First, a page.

Professor Lizzie Kendon

Lizzie also has a joint Met Office Academic Partnership (MOAP) position at Bristol University as Professor in the Faculty of Science, exploiting new high resolution climate projections for impacts modelling and user applications.

Areas of expertise

  • Climate extremes

  • Regional climate prediction for the UK and Europe

  • Convective-scale climate modelling

Publications by Lizzie Kendon

Current activities

Lizzie leads a team of scientists using very high-resolution (kilometre-scale) models to study climate change, with a focus on gaining a better understanding of extremes and their future change. Lizzie also has a joint position as Professor in the Faculty of Science at Bristol University, building collaborations on exploiting new high-resolution climate projections for impacts modelling (e.g. flooding) and user applications.

Lizzie recently led work delivering the first national climate scenarios at convection-permitting scale as part of the UK Climate Projections (UKCP) project. She has also run European-wide climate simulations at 2.2km resolution and is collaborating with colleagues across Europe to identify how results vary across model resolution and across different climate models. Lizzie is also leading work to run ensemble climate simulations at km-scale across Africa.

Her current work aims to exploit these new high resolution simulations to understand future changes in high impact events at local scales. This includes exploring process-links between the large-scale atmospheric circulation and local extremes. She is also interested in exploring the role of land-atmosphere coupling and model deficiencies in the representation of this at km-scale. Her work links up Met Office expertise in forecasting extreme events on weather and climate change timescales, and exploits the seamless nature of the Unified Model.

Work at the Met Office has shown that convection-permitting models, commonly used for weather forecasting, better represent small-scale processes in the atmosphere such as convection, which is a key process behind many of our extreme weather events. These models are also able to better represent the influence of mountains, coastlines and cities on our local climate compared to more traditional climate models. As a result, convection-permitting models are able to provide credible projections of future changes in local weather extremes, including convective summer storms important for flash flooding.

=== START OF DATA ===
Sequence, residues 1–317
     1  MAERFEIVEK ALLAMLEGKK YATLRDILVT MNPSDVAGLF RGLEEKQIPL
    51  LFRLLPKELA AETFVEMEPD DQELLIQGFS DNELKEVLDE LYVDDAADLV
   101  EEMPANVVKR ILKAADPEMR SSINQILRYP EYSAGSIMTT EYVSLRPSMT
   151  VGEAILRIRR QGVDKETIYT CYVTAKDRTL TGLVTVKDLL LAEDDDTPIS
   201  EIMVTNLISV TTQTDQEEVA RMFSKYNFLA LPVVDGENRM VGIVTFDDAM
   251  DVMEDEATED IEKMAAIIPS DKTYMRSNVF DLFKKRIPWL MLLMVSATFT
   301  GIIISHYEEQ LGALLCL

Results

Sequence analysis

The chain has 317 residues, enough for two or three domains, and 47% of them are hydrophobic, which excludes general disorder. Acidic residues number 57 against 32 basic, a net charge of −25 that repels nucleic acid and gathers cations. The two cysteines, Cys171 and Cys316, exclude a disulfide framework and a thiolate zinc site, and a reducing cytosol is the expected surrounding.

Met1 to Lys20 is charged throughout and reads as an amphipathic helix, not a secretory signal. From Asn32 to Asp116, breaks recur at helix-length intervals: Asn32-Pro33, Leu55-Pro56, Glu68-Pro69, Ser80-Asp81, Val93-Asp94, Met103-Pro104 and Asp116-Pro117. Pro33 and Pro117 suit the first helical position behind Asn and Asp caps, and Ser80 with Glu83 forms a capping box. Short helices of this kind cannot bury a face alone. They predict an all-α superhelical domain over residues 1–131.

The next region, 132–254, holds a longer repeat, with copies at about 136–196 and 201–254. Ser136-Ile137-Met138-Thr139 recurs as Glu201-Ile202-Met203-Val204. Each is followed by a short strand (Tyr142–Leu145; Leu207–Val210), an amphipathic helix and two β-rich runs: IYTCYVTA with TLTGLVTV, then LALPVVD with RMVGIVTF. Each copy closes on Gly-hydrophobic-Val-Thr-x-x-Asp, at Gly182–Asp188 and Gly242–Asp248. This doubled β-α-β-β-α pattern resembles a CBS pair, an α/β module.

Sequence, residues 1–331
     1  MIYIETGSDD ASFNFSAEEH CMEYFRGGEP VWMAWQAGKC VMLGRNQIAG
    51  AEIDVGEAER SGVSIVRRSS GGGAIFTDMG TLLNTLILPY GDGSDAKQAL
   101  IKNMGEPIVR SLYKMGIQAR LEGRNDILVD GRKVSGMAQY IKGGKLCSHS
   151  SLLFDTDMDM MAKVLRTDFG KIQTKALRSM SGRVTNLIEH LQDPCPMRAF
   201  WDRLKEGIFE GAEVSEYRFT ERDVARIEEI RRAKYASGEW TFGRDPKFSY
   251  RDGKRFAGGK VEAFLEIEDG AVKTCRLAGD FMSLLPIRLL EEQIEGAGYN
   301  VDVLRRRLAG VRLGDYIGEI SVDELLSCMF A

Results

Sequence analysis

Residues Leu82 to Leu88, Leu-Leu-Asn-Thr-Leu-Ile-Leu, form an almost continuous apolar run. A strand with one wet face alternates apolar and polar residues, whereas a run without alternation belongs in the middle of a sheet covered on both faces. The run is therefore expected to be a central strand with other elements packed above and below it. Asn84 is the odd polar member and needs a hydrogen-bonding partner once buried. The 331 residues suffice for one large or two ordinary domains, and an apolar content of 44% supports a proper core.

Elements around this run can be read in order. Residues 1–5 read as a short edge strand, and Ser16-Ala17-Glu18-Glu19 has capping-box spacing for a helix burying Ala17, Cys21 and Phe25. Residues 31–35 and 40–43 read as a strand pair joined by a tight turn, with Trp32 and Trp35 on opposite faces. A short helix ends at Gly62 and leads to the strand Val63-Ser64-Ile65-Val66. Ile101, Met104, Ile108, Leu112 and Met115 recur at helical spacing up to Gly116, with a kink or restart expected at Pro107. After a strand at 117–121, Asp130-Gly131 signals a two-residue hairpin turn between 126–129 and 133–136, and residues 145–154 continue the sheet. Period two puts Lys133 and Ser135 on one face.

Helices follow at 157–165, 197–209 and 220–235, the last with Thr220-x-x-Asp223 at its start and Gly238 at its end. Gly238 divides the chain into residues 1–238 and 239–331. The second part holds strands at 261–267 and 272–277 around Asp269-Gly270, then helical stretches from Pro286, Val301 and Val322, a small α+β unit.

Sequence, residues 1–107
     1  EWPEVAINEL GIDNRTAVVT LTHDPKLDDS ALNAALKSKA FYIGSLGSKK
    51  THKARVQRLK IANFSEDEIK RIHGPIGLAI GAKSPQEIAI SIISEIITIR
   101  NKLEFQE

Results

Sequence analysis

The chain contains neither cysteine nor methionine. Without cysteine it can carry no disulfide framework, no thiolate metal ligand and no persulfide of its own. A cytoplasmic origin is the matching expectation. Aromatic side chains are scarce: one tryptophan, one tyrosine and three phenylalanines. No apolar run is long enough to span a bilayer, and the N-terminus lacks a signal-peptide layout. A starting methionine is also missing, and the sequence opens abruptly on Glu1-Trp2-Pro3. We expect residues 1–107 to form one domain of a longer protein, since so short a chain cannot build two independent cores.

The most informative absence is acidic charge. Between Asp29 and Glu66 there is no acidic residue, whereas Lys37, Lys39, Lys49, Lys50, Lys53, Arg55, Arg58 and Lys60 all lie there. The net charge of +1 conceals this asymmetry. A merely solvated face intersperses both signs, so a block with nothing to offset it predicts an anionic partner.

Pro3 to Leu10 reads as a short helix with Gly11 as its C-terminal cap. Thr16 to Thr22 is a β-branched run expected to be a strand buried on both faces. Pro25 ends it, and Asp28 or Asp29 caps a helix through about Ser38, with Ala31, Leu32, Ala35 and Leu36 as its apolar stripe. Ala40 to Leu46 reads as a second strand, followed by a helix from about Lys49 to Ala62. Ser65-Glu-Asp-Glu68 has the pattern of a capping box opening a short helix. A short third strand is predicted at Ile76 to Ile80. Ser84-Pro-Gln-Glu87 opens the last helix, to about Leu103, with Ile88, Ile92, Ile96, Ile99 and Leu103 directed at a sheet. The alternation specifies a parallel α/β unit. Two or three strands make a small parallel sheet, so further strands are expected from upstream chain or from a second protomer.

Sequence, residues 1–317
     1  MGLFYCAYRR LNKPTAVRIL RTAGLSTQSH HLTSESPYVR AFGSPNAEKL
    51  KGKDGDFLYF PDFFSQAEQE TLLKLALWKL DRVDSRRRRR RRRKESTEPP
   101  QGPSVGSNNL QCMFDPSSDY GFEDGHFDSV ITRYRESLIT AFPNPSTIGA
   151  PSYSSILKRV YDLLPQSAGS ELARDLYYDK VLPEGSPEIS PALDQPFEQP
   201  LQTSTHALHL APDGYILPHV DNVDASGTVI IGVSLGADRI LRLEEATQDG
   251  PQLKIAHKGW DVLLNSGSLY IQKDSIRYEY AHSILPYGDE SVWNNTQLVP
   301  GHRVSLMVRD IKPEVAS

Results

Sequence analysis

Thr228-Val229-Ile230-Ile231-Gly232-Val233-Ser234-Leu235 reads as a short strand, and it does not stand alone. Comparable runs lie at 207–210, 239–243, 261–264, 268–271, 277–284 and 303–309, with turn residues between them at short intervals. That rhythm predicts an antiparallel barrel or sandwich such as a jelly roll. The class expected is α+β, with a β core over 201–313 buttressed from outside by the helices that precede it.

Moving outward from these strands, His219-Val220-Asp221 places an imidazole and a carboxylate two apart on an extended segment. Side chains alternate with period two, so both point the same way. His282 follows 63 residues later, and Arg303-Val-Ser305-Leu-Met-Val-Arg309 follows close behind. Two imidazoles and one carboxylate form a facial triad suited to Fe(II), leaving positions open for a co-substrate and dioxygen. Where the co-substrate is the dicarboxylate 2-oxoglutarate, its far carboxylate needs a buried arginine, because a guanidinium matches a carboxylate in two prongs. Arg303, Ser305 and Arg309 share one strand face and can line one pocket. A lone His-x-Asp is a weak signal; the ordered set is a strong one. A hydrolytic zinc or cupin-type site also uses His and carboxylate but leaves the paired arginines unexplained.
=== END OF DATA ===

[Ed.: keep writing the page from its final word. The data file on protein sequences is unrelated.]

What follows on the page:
New understanding from this work will be applied in the context of developing and improving our climate models, as well as providing guidance to the government on future changes in local weather extremes over the coming decades.

Career background

Lizzie joined the Met Office Hadley Centre in 2006 and since then has worked in regional climate modelling. She currently leads a team of scientists using very high resolution (kilometre-scale) models to study climate change, with a main focus on gaining a better understanding of high impact events nd their future change.  Her work has been pioneering in the field of convection-permitting climate modelling, with a high profile paper in Nature Climate Change in 2014.  She recently led the design and delivery of the first national climate scenarios at convection-permitting scale, as part of the UK Climate Projections (UKCP18) project.  She has also worked on the FCFA IMPALA project involving convection-permitting climate simulations over Africa, with the first future change results published in Nature Comms in 2019.  Lizzie also has a key role in the ERC INTENSE project analysing intense rainfall, NERC FUTURE-STORMS project looking at changes in high impact events and is participating in the EUCP project which includes carrying out coordinated convection-permitting climate simulations over Europe.

Prior to joining the Met Office, Lizzie did a PhD at Imperial College London using observational data to study the variability of atmospheric water vapour. During this time, she was lucky enough to have the opportunity of combining meteorological research with the ascent of an 8000 m Himalayan Peak, Cho Oyu. Before moving into climate research, Lizzie spent a few years working as a Radiological Analyst. As an undergraduate Lizzie studied Natural Sciences (Physics) at Cambridge University (1998) and also has an MSc in Pollution and Environmental Control from Manchester University (1999).